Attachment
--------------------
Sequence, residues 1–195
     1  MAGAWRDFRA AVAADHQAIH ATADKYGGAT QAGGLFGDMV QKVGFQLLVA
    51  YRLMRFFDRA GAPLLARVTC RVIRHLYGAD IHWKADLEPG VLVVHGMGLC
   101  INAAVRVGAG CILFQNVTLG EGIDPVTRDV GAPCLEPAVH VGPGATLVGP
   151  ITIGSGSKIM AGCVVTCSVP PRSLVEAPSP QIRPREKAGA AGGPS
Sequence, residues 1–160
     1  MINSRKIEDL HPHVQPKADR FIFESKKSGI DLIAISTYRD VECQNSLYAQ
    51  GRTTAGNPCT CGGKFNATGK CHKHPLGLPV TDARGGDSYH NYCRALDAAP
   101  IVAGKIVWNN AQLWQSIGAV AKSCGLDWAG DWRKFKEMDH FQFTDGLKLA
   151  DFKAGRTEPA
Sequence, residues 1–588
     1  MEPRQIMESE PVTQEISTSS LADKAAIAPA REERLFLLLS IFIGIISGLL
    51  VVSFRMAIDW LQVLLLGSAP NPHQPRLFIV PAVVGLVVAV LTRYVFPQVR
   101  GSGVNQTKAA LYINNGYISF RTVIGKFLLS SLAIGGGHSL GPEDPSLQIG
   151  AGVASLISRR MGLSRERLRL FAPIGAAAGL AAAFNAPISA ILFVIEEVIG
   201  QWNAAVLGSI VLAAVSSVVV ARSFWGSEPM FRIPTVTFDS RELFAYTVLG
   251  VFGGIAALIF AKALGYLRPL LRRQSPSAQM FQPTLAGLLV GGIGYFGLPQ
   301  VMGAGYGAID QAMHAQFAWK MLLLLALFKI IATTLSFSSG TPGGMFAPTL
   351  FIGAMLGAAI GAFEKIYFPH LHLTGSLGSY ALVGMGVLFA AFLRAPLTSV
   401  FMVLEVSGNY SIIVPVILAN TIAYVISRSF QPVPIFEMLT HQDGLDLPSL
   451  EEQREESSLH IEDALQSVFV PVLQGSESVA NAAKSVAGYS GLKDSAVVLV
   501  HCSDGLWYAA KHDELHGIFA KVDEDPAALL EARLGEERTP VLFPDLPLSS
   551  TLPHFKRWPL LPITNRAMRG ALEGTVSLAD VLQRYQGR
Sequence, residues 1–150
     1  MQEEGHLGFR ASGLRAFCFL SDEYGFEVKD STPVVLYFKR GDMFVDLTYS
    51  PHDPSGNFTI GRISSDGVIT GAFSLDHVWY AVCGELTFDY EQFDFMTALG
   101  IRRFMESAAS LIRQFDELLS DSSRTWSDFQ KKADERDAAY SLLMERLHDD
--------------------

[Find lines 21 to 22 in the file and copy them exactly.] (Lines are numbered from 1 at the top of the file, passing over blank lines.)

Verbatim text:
   451  EEQREESSLH IEDALQSVFV PVLQGSESVA NAAKSVAGYS GLKDSAVVLV
   501  HCSDGLWYAA KHDELHGIFA KVDEDPAALL EARLGEERTP VLFPDLPLSS